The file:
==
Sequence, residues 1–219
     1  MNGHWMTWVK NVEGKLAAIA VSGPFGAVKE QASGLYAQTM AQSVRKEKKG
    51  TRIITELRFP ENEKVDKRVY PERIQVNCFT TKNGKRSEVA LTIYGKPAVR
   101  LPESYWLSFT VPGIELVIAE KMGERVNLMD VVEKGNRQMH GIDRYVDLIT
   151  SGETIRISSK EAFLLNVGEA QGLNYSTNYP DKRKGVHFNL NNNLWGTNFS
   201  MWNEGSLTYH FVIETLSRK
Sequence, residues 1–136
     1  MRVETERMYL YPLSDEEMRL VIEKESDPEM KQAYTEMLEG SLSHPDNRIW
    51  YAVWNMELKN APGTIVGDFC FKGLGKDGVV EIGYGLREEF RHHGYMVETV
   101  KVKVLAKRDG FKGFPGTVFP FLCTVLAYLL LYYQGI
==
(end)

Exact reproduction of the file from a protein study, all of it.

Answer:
Sequence, residues 1–219
     1  MNGHWMTWVK NVEGKLAAIA VSGPFGAVKE QASGLYAQTM AQSVRKEKKG
    51  TRIITELRFP ENEKVDKRVY PERIQVNCFT TKNGKRSEVA LTIYGKPAVR
   101  LPESYWLSFT VPGIELVIAE KMGERVNLMD VVEKGNRQMH GIDRYVDLIT
   151  SGETIRISSK EAFLLNVGEA QGLNYSTNYP DKRKGVHFNL NNNLWGTNFS
   201  MWNEGSLTYH FVIETLSRK
Sequence, residues 1–136
     1  MRVETERMYL YPLSDEEMRL VIEKESDPEM KQAYTEMLEG SLSHPDNRIW
    51  YAVWNMELKN APGTIVGDFC FKGLGKDGVV EIGYGLREEF RHHGYMVETV
   101  KVKVLAKRDG FKGFPGTVFP FLCTVLAYLL LYYQGI